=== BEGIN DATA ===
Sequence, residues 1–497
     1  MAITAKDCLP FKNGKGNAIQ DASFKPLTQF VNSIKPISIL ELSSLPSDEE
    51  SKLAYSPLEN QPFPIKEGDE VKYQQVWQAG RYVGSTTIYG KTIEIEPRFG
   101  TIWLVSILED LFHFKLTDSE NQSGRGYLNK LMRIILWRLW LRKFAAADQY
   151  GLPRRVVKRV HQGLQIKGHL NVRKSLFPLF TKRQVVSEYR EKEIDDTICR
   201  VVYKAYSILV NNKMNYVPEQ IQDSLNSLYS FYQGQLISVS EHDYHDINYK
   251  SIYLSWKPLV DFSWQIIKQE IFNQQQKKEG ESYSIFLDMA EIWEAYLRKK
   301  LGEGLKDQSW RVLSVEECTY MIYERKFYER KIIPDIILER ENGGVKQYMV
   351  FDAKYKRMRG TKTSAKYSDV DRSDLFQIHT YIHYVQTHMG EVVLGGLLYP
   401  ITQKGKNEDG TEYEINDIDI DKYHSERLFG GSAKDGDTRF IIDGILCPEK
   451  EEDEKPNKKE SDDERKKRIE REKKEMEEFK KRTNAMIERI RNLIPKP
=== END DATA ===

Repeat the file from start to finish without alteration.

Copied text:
Sequence, residues 1–497
     1  MAITAKDCLP FKNGKGNAIQ DASFKPLTQF VNSIKPISIL ELSSLPSDEE
    51  SKLAYSPLEN QPFPIKEGDE VKYQQVWQAG RYVGSTTIYG KTIEIEPRFG
   101  TIWLVSILED LFHFKLTDSE NQSGRGYLNK LMRIILWRLW LRKFAAADQY
   151  GLPRRVVKRV HQGLQIKGHL NVRKSLFPLF TKRQVVSEYR EKEIDDTICR
   201  VVYKAYSILV NNKMNYVPEQ IQDSLNSLYS FYQGQLISVS EHDYHDINYK
   251  SIYLSWKPLV DFSWQIIKQE IFNQQQKKEG ESYSIFLDMA EIWEAYLRKK
   301  LGEGLKDQSW RVLSVEECTY MIYERKFYER KIIPDIILER ENGGVKQYMV
   351  FDAKYKRMRG TKTSAKYSDV DRSDLFQIHT YIHYVQTHMG EVVLGGLLYP
   401  ITQKGKNEDG TEYEINDIDI DKYHSERLFG GSAKDGDTRF IIDGILCPEK
   451  EEDEKPNKKE SDDERKKRIE REKKEMEEFK KRTNAMIERI RNLIPKP